Can environmental flow pulses help to restore river-floodplain ecosystems

Ben Gawne, Alison King, Leah Beesley, John D. Koehn, Daryl Nielsen, Amina E. Price

Research output: Contribution to conferenceConference presentation/ephemera


Environmental Flows are now a prominent restoration tool for Australian Rivers. Flow pulses represent one type of environmental flow release often used by managers as they have been affected by water resource development, are associated with environmental benefits and they are feasible, given existing constraints. Flow pulses can be characterised as an increase in flow
from base flow anywhere up to bank full which can mean inundation of riparian areas and adjacent wetlands. The challenge in using flow pulses as part of a restoration program is that they are a short term and, in some cases, localised action that seeks to contribute to achievement of long-term, large scale changes in condition. This presentation will summarise what is known of the influence of single flow pulses on river-floodplain systems within the context of their longer term influences as a step in identifying their potential value as a restoration tool. Broadly, flow pulses can influence ecosystem condition in the medium to long term through their effects on habitat availability and subsequent species’ survival and recruitment. Flow pulses also change patterns of connectivity either delivering subsidies that promote productivity or creating opportunities for dispersal that may influence resilience. Finally, flow pulses may influence processes such as primary production and decomposition that influence food availability. The evidence for the short-term effects of flow pulses is accumulating, however, evidence for their longer term significance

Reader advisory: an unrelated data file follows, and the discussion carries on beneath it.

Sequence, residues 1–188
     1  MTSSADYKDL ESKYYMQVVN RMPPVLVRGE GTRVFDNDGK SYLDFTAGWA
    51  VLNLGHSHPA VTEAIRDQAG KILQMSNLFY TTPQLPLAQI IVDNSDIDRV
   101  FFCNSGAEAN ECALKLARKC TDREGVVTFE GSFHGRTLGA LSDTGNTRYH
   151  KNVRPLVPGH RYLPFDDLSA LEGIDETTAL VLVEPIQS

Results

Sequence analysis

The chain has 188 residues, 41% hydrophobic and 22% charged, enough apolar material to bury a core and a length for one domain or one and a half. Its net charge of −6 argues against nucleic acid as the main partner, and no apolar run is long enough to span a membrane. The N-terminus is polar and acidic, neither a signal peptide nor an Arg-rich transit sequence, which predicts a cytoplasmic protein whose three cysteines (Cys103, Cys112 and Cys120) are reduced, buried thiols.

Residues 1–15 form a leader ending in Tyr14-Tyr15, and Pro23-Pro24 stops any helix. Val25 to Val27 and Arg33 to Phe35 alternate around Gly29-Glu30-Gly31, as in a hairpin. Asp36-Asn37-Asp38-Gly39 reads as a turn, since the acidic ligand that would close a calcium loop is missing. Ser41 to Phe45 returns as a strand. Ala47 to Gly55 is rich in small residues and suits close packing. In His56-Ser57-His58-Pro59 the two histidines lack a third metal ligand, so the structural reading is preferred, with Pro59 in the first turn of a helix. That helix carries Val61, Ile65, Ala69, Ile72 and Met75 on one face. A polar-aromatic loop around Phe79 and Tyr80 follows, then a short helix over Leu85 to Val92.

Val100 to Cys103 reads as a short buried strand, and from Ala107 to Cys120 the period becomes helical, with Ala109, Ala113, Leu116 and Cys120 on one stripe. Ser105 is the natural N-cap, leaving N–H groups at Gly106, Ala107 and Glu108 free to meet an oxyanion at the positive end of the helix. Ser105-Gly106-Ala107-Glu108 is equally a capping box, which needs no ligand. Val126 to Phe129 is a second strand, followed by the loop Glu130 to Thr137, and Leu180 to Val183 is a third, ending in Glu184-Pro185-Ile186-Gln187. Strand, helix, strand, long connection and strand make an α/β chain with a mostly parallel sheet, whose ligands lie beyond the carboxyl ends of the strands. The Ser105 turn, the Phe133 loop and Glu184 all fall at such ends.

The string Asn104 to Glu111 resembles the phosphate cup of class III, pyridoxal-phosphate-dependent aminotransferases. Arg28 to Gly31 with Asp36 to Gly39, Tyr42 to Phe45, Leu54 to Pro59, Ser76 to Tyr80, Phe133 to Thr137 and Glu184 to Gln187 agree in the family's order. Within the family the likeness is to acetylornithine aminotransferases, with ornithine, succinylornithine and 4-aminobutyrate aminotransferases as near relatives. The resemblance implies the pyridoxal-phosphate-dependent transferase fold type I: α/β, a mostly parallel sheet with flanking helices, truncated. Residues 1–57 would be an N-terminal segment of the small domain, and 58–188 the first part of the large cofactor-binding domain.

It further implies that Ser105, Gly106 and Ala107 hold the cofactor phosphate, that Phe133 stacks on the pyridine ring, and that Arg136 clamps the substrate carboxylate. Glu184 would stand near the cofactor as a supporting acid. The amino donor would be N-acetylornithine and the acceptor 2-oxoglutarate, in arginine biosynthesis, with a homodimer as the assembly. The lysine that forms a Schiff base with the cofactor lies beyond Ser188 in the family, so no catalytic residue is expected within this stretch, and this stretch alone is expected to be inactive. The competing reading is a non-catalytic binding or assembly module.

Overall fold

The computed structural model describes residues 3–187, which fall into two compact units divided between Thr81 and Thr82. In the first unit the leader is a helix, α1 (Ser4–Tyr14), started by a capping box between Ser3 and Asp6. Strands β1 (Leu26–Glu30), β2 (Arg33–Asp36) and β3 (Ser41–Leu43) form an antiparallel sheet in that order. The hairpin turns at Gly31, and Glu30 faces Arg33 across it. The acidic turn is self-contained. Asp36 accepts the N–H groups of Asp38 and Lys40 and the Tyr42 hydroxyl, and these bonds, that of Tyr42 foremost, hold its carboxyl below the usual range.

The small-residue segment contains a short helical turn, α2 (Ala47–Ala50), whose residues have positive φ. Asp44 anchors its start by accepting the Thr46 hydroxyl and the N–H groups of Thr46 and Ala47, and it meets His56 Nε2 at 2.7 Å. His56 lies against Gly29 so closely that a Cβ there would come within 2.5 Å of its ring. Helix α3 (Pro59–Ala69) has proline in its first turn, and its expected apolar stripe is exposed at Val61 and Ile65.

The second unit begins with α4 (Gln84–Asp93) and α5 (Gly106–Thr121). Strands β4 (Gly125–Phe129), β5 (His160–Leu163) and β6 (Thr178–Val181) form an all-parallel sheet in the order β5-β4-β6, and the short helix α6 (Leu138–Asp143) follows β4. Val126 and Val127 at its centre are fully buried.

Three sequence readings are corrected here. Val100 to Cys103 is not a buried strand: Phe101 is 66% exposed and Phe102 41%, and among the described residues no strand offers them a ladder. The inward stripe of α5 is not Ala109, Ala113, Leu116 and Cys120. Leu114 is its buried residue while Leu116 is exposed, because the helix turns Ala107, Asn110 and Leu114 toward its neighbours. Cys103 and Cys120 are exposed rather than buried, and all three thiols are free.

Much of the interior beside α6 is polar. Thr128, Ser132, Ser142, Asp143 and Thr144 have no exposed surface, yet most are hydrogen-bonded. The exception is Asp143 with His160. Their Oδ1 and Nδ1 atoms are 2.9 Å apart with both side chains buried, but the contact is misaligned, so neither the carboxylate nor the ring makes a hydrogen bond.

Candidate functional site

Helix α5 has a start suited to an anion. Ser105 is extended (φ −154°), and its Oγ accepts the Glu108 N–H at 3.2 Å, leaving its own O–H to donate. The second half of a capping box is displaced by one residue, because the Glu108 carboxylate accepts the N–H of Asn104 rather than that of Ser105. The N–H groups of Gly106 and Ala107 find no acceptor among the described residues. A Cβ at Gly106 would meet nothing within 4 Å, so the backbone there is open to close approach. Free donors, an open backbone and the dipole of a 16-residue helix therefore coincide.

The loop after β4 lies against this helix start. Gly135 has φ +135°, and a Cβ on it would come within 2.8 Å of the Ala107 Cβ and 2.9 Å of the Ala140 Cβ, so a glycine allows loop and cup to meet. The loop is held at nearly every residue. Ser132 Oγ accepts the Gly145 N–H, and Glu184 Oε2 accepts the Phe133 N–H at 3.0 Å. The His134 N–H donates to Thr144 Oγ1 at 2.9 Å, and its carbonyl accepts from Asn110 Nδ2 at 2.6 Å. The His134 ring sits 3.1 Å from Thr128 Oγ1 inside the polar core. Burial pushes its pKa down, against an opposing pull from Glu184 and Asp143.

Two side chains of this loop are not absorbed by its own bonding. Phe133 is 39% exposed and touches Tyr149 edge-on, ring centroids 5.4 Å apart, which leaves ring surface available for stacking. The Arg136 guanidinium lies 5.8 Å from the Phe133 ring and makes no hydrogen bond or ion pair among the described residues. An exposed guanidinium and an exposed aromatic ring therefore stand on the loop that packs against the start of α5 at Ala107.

is scant and this will need to be addressed if flow pluses are to contribute to restoration.
Original languageEnglish
Publication statusPublished - 2014
EventAustralian Society for Fish Biology and Australian Society for Limnology - Darwin Convention Centre, Darwin, Australia
Duration: 30 Jun 20144 Jul 2014


ConferenceAustralian Society for Fish Biology and Australian Society for Limnology
Abbreviated titleASFB & ASL 2014
Internet address


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